“At some point the value of housing would have to align with its fundamental value and Professor Phillips warned that continuing price increases beyond this was a ‘bubble perspective.’”

From Radio New Zealand. “In a paper published earlier this year called ‘The mess we’re in’ - a dive into the Auckland housing market from the construction industry’s point of view - AUT Professor John Tookey says one solution to the bubble and market pressures around the country is to get ahead of demand. Sounds simple. ‘What is politically difficult to accept is simple to state. Improving housing affordability equates to reducing housing values,’ Professor Tookey says.”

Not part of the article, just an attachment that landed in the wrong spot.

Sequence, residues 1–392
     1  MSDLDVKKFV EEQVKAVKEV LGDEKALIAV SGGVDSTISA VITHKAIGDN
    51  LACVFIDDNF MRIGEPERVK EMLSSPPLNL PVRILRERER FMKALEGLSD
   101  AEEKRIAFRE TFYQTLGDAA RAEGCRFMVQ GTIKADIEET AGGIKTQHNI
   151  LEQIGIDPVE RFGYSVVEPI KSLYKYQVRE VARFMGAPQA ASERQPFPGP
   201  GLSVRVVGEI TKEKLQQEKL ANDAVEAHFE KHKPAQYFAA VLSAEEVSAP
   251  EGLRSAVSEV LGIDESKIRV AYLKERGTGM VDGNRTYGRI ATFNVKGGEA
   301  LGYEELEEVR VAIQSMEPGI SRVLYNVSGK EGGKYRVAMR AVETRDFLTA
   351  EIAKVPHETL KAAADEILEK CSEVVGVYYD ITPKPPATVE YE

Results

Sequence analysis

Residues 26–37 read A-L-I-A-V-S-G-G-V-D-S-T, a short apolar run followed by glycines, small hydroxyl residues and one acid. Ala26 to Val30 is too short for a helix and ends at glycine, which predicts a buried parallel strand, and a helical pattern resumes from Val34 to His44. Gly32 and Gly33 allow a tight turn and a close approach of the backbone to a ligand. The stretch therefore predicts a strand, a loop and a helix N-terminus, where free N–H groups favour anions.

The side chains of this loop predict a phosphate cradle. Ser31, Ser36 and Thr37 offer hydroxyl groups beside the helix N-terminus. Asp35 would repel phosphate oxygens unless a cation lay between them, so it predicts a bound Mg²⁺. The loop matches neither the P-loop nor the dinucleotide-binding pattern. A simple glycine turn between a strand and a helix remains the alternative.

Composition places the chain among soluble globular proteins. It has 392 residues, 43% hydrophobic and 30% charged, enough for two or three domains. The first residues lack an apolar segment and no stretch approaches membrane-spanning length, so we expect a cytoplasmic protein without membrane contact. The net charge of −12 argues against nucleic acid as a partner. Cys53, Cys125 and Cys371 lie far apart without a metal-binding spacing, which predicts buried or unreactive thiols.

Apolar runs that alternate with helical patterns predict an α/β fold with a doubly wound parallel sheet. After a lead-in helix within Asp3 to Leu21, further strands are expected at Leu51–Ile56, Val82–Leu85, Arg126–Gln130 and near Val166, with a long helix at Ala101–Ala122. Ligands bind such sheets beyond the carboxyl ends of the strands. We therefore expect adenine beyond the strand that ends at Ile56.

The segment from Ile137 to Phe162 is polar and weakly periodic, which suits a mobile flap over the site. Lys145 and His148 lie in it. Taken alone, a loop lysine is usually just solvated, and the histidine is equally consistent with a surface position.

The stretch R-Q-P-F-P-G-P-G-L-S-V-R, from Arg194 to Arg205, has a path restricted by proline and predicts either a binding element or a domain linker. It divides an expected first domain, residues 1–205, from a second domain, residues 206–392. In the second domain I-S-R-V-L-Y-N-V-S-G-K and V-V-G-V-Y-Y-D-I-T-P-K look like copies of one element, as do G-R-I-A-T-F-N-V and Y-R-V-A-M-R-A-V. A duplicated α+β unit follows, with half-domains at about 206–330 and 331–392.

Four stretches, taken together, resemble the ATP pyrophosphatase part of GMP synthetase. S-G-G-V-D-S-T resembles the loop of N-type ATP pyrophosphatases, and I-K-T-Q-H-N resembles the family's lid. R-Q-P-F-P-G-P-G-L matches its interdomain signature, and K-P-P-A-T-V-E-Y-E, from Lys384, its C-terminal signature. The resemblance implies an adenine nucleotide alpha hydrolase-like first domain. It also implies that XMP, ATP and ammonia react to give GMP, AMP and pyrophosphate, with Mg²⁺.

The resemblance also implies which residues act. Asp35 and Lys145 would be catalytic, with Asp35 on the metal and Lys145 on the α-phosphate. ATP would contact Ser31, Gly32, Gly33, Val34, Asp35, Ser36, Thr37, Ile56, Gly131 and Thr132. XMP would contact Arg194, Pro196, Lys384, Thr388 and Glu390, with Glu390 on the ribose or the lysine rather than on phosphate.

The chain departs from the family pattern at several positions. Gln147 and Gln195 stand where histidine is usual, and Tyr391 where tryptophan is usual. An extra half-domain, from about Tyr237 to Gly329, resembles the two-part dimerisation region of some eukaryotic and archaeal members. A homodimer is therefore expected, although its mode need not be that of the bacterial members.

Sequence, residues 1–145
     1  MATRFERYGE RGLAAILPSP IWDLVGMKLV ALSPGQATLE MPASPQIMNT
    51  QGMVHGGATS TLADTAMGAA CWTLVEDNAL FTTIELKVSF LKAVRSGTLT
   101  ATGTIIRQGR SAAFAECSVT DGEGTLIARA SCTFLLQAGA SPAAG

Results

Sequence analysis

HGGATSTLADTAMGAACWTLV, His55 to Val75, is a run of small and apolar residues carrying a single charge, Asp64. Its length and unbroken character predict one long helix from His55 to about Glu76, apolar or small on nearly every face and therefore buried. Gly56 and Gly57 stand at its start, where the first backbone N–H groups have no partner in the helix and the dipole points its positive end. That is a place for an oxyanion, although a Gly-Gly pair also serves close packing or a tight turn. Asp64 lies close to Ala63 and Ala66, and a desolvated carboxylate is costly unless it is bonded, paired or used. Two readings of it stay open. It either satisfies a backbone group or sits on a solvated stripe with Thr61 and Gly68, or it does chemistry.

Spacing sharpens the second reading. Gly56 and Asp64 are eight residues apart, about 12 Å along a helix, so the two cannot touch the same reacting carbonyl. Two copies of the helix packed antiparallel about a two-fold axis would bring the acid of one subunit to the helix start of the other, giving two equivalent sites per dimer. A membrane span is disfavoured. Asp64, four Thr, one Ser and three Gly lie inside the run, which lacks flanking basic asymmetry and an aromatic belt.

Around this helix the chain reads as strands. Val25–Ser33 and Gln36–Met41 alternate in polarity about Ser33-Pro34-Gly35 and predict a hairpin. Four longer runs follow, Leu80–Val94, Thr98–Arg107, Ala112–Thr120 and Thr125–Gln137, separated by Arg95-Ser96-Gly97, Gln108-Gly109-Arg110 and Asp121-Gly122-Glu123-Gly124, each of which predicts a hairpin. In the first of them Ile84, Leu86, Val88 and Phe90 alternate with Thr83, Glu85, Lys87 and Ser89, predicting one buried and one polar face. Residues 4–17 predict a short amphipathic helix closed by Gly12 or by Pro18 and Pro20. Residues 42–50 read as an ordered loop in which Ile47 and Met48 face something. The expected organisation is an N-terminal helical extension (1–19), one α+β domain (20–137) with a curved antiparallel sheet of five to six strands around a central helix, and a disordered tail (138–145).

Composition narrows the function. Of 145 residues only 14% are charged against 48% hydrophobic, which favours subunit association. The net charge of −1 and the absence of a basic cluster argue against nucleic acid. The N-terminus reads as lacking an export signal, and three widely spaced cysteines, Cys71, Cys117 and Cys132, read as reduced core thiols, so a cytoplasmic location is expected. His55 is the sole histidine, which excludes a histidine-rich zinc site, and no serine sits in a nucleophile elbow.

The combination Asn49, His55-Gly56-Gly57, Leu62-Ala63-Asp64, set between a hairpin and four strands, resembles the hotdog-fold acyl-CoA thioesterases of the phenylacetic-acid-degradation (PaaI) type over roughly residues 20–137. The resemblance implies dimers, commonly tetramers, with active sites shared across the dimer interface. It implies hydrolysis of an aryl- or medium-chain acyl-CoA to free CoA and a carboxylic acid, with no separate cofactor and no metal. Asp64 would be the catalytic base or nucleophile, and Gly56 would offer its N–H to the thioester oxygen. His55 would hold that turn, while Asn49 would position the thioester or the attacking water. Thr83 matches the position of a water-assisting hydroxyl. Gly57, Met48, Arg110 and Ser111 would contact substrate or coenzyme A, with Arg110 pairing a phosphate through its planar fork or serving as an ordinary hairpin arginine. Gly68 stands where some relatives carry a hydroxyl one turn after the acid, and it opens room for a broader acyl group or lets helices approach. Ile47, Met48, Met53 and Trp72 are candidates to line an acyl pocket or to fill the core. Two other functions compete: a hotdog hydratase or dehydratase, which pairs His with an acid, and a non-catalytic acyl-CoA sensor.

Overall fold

“By reducing values, he means your house. Not the 10,000 that officially need to be built every year to accommodate a rising population, a rising population that’s mostly Kiwis, New Zealanders returning from elsewhere, and some pesky foreigners. (Disclaimer: the writer is a migrant and GFC economic refugee.) One of the reasons for the mess is that for years policy-makers passed legislation incentivising property ownership, and ordinary Kiwis with their money locked in the one asset everyone agreed on - property - have been busily selling properties to one another, buying to let, and driving up prices and rents.”

“Restrictions on lending have been introduced and more changes are on their way under the new government. But central government and policymakers don’t have a complete picture of who owns all the property. Only a rough picture exists. We know who owns the majority - New Zealanders - but once you factor in apartments, buy to rent, family trusts, second homes, baches, businesses, overseas owners and absentee landlords, it gets, well, messy.”